- Except the Doctor totally DOES go to the past, to the age of the Pythia, in one of the novels. Although this was only possible due to the Hand of Omega overriding the security protocols preventing time-travel into Gallifrey's past, because it recognized the Doctor as one of the founders, before he "suicided" into the genetic pool of Gallifreyans, only to re-emerge later into one of the Families.
- Yeah... be careful about bringing up evidence from the novels. The BBC refuses to acknowledge them, or the audio stories and comic books, as canon. Though they might inspire or have influence on future episodes, we cannot treat them as we would an actual episode, especially considering many of them directly contradict canon. But even for the sake of argument, does the Doctor have access to the Hand of Omega? Seems to me that it would still be on Gallifrey. In the Time Lock. Along with probably any other doomsday device that could allow him to travel into Gallifrey's past.
- Except as of "The Night of the Doctor", the BBC at the very least acknowledged the Big Finish audios as canon (at least Eight's adventures in them anyway).
- Again: be careful here. Technically, all that happens in that episode is that the Eighth Doctor refers to people who share the same names as characters who appear in the Big Finish audios. That's not quite the same as directly stating that the Big Finish audios are absolutely and totally 100% for real. The clear implication is that they are, granted, but it's a conditional implication; the TV showrunner could, if so inclined, write a line of dialogue tomorrow that implied that the entire Big Finish line is a bad dream the Doctor once had, and Big Finish would just have to sit there and take it, because in terms of "officialness" Big Finish is always going to be subordinate to the TV series. In any case, one should always be careful using anything not from the TV series itself as 'proof' of how something works in the TV series.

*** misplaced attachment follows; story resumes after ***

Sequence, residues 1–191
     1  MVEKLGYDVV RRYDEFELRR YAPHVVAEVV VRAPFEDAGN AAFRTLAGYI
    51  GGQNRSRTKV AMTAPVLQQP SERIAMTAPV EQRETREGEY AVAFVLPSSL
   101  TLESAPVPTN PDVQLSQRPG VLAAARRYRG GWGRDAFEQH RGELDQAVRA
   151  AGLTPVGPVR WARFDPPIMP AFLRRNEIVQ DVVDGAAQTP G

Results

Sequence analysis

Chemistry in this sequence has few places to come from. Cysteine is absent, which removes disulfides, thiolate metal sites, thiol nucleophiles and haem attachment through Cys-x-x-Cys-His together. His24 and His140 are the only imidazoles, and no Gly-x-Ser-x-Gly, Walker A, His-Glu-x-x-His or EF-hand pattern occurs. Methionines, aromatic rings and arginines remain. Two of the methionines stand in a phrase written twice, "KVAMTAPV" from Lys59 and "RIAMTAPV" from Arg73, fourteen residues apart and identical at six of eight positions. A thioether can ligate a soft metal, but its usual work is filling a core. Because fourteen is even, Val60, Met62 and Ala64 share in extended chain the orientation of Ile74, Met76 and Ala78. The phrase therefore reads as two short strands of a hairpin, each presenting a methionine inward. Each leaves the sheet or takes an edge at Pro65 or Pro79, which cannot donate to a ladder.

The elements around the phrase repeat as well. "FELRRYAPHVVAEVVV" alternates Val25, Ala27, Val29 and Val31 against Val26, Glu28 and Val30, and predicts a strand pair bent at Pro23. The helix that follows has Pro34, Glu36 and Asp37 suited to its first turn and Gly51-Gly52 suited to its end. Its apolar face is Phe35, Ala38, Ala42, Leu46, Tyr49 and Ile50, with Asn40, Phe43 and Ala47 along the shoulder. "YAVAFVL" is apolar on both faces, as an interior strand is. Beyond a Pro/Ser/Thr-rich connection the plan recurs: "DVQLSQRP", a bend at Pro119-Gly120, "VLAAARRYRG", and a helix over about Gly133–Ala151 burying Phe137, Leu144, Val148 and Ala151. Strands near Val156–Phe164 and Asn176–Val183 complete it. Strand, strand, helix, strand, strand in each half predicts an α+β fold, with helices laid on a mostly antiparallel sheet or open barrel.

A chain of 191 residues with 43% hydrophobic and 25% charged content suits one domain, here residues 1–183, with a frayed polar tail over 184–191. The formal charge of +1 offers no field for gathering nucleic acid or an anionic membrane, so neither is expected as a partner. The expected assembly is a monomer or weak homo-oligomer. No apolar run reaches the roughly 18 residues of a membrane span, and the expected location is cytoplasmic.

United Nations Intelligence Taskforce becoming Unified Intelligence Taskforce
- Why was UNIT changed from being a UN set up? Another troper on the 2005 Headscratchers said "complaints", but why?
- I haven't heard any specific complaints. I think they were just concerned that there might be something to complain about in the future, so they decided to head things off and make the change now.
- Considering that Tosh's origins in Torchwood had her locked in a Guantanamo Bay-style prison by UNIT, it's probably for the best.